Celebrating Identity Is Connected to Christine Lin’s Relationship With the Land

Audubon's social media producer reflects on her relationship with the environment and embracing her identities.

Who would have thought that the same terrified toddler who, at the time, said to herself, “What is this giant colorful monster? Get it away from me!” is the same person that leads Audubon’s visual storytelling? As Christine Lin, social media producer for Audubon, puts it, this journey is connected to her relationship with the land and her identity.

Her earliest recollections of an interest in nature are the family road trips to local and state parks. Vacations would be filled with picturesque views of Texas landscapes and encounters with wildlife. Memories like these are cherished ones, though she also recalls some less cheerful moments. Growing up as a first generation Taiwanese American in Dallas, Texas, lunches at school and summer camps would sometimes go down like an episode of ABC’s Fresh Off the Boat.

That feeling even extended to her favorite television programs. As a young science enthusiast, Christine’s first loves were outer space and the Discovery Channel. While immersing herself in nature documentaries and wildlife shows she noticed that these scientists, naturalists, and hosts had one thing in common: they did not look like her. Suppressing her Taiwanese roots and heritage was a means to ‘fit in’ – a feeling many Asian-American kids know all too well.

“Growing up, I spoke Mandarin with my parents, but never felt fully comfortable doing so in public spaces. Even today, and especially in the time we’re in now, I fear the consequences that go beyond just passive judgment. This instinct is ironic since indigenous people in Taiwan are discouraged to speak their native language in favor of Mandarin Chinese. I reflected on that during my trip to Taiwan.”

That trip was all the more meaningful because she had not been able to revisit her family’s native land until adulthood. In addition to visiting her grandfather at the hospital, Christine hoped that this voyage would bring a deeper appreciation of her grandmother’s Amis roots. The Amis (or “The North” in English) are the largest ethnic group among aboriginal Taiwanese people and a matrilineal indigenous society. Though she would always wear her Amis heritage as a badge of honor, Christine admittingly knew nothing about the island and indigenous experience. 

Upon arriving in Hualien, Taiwan, Christine realized that the pride she felt was not reflected in the world her Amis relatives lived in. Their feelings were more in line with the aspiring naturalist or the kid just trying to fit in at school.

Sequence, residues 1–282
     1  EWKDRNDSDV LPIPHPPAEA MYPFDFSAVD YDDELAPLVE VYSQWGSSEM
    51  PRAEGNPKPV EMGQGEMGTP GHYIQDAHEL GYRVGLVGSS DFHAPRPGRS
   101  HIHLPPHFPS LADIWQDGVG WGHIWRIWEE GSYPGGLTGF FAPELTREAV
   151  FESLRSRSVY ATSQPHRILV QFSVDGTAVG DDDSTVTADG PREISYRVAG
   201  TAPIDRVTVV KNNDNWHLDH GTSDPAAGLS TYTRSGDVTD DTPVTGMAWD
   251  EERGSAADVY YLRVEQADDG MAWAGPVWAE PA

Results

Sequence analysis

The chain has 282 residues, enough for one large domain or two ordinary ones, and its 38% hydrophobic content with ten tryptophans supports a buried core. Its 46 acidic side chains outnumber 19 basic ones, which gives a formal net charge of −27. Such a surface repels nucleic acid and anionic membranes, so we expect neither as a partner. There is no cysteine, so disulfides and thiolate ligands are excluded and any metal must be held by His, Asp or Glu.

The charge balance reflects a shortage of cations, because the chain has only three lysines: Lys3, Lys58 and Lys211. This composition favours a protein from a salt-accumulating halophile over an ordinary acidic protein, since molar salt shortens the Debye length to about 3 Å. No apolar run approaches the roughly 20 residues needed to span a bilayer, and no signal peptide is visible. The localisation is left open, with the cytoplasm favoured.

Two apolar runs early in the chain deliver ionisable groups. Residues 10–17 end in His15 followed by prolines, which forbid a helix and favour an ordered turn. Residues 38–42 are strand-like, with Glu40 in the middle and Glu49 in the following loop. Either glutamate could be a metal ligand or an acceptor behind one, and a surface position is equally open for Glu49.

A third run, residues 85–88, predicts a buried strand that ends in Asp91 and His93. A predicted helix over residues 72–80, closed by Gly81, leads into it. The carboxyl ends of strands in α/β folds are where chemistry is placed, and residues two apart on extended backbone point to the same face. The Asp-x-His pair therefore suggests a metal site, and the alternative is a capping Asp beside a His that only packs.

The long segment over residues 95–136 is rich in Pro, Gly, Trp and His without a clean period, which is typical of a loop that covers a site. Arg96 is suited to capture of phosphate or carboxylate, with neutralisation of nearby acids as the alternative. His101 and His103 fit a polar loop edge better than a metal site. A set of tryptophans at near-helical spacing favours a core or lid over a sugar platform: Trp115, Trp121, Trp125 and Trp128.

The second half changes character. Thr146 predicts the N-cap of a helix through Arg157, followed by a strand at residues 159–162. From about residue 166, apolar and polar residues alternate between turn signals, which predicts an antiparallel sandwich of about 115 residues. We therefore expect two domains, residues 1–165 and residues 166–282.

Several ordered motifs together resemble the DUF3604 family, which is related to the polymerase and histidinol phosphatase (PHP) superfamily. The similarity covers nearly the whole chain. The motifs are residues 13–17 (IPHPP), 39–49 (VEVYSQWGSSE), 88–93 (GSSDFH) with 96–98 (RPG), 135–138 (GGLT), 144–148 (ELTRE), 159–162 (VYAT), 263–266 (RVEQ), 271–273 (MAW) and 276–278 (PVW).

During her time in Hualien, Christine worked on a short documentary. In addition to asking for her grandma’s story as well as other Amis people for accounts, Christine ‘lived the Amis way of life’ – she helped her grandmother sell vegetables at a local market, participated in traditional Amis dances, learned archery using her uncle’s handmade bow-and-arrow, foraged wild plants with Amis elders, and visited a traditional Amis wood carving site. These practices as well as listening as a form of slowly digesting her roots led Christine to a profound light-bulb moment.

“Though my grandma and I are two oceans apart, we share more than just our birthdays,” says Christine. “We grew up and live in societies that are foreign to our families, in societies that confuse assimilation with acceptance.”

The trip to Taiwan and reconnecting with her grandmother brought a realization: if she wanted peace with herself and her identity she needed to also pay respects to her ancestors. Christine credits the embracing of all of her identities to this trip and also moving to New York—joining Audubon was a huge part of that process.

“When I started at Audubon there were no affinity groups and we did not celebrate heritage months. Now we have multiple affinity groups and celebrations throughout the year,” says Christine. “I am a queer Asian American woman and I don’t take it for granted that these identities are celebrated here, since that is not the norm at every organization. I know there’s still a lot to be done, but if my work and journey can help inspire even one young budding conservationist or storyteller, I’ll feel that much more fulfilled.”